By Mike Forbes, Co-op Volunteer Writer
Last month we talked about calculations with the goal of obtaining realistic numbers of our water consumption. In talking with a friend he mentioned that looking at your water bill is a simple way for those who live in a city to determine this. On your bill you’ll see your consumption, typically in cubic feet which is easily converted to gallons by multiplying that number by 7.48. I thought this would be good to pass on.
Now on to the most challenging aspect of rainwater use, storage. People use various methods such as plastic, wood, and concrete tanks, old dairy trucks, wooden wine barrels, and above ground swimming pools.
Our house water supply which includes drinking water consists of four, dark green 1600 gallon HDPE plastic tanks. This is probably one of the most foolproof, proven and affordable methods of storing water. Dark colors are important because algae will grow rapidly in a light colored tank if exposed to light. Having more than one tank is nice on several fronts. They are easier to handle, readily available, comparably inexpensive (our tanks cost approximately $600 each delivered) and provide redundancy in the event a leak. The HDPE plastic is the same material that milk jugs are made from and current testing shows that it doesn’t leach chemicals into the water.
Above or below ground? Above is generally easier but not always practical as water freezes. Our tanks are located above ground in a room with 2” of foam insulation around them. I don’t fret about the tanks themselves freezing as it would take a really big cold spell to freeze that much water. However, I do worry about the plumbing and watch it closely when the temperatures dip below freezing. In 6 years we have never seen pipe temps below 37 deg F.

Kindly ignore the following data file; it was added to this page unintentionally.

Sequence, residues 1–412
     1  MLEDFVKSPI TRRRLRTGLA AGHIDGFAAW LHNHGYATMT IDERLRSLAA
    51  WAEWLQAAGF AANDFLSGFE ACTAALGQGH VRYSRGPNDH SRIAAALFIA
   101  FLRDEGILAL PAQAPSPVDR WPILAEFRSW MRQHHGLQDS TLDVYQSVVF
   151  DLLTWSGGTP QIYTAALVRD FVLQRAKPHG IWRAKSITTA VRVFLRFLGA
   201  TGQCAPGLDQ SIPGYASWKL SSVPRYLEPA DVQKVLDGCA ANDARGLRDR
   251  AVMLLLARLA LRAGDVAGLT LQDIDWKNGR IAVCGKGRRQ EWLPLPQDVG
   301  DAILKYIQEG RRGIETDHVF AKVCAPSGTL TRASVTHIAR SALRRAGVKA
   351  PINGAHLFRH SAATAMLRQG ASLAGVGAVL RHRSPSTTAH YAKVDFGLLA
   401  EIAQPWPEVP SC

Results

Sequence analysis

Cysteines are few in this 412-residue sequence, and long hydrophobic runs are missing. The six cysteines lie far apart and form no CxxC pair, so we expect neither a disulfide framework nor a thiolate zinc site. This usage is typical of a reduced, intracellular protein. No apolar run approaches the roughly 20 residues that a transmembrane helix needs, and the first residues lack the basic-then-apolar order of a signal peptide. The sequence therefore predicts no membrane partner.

If you decide to go with a below ground tank make sure it is rated for below ground use as they are structurally very different. On the converse, below ground tanks typically rely on the surrounding dirt for stability and can collapse in on themselves if used above ground (ask me how I know this?).
For most people it’s not going to be realistic to store all the water that falls on their roof as this would take a very large tank(s). This is where calculating usage is essential to balance what you use with having an adequate supply, even through the dry months of summer. I analyzed the rainfall data by month and estimated when we would run low. We go into the summer with full tanks from the spring rains and when July comes we don’t see much rain until September. The lowest our tanks have been was 750 gallons total at which point we started hoping for rain. An additional tank would give us a more comfortable buffer.
Many people are going to use rainwater for irrigation only. In this case many problems are eliminated since you can have storage located outside that is seasonal and drained during the winter months. I’ve seen many people use wine barrels at the base of their downspouts for this and others place large tanks out in the yard. As long as you are diligent in draining your system in the fall this can be a very effective setup. My current plan for larger scale irrigation system is to fill a 24’ above ground swimming pool providing over 13,500 gallons of water.
Water tanks can be sourced locally through Hahn Supply and occasionally craigslist. A word of caution on used tanks. Many have been used for chemical and fuel storage. These liquids may have absorbed into the tank and would not be a good choice for drinking water. I see very few used tanks out there that are suitable for drinking water, not to say one might turn up tomorrow.
If you are looking for more information, our library has the definitive resource on water storage is Water Storage by Art Ludwig.
Mike can be reached at firstname.lastname@example.org and welcomes questions/comments.